Doctor Who: 10 Behind The Scenes Decisions We Can't Forgive

Moffat, you owe the Weeping Angels an apology.

Doctor Who Weeping Angel moving Flesh and Stone

Even though Doctor Who is basically the best thing since sliced bread, most fans will agree that the creators of the show don't always have a good day at the office.

Yes, making TV on this scale is obviously a really hard thing to do, and the people involved will always have our respect for the amount of work that they put in to Doctor Who. But we're allowed to criticise the show when we feel like it's warranted, and on that note, not every decision that the writers, showrunners, producers, or even the BBC as a whole have made has been a good one.

Whether it's a major gaffe like ruining a character or spoiling a huge plot twist, or even something small - like how the show is scheduled - it's hard to look at these choices and not feel disappointed, confused, or angry - or sometimes, all three.

Granted, this is a show about a floppy-haired alien in a magic box, so let's not act like any of this stuff is the end of the world (or the universe). Still though, if we were in charge... we would've turned left instead of right when making these decisions.

10. Cancelling Doctor Who Confidential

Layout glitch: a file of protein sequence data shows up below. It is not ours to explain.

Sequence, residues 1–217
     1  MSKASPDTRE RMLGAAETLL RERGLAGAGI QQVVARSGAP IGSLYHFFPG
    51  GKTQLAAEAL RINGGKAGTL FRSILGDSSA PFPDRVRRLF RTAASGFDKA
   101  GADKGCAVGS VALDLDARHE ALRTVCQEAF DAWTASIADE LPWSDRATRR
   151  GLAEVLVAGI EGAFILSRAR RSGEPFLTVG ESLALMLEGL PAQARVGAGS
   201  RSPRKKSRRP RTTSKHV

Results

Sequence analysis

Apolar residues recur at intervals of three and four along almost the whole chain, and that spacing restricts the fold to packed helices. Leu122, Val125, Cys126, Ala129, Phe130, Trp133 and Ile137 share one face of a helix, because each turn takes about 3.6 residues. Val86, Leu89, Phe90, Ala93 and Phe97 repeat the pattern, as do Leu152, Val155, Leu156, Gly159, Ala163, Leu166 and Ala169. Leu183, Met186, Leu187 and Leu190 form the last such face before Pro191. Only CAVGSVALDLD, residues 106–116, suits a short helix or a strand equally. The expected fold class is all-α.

Doctor Who Weeping Angel moving Flesh and Stone

When Doctor Who returned in 2005, it was accompanied by a behind-the-scenes programme called Doctor Who Confidential, a "making of" series that delved into the production of each main episode of the show.

Confidential was utterly fascinating to watch, giving us a meaty half-hour dive into the costumes, the stunts, the music, the locations, and everything else in-between. And since it was usually broadcast immediately after Doctor Who had finished, a lot of fans got into the habit of watching the main show, then quickly flipping over to Confidential. It almost became a ritual, something that all Doctor Who fans just did.

As a result, it was a dark, dark day when Confidential was binned off in 2011, purely to cut costs. Fans were upset and disheartened, petitions were formed, and even notable Doctor Who creatives like star Matt Smith (plus writers Neil Gaiman, Tom MacRae and Steven Moffat) were vocal in their disappointment over the BBC's decision.

While the BBC did continue to produce behind-the-scenes content for Doctor Who (such as Doctor Who Extra in the Capaldi era, and Access All Areas for Series 11) these shows were nowhere near as in-depth or interesting as Confidential was, and for Series 12, we got nothing besides a few short and lacklustre YouTube videos.

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WhoCulture Channel Manager/Doctor Who Editor at WhatCulture. Can confirm that bow ties are cool.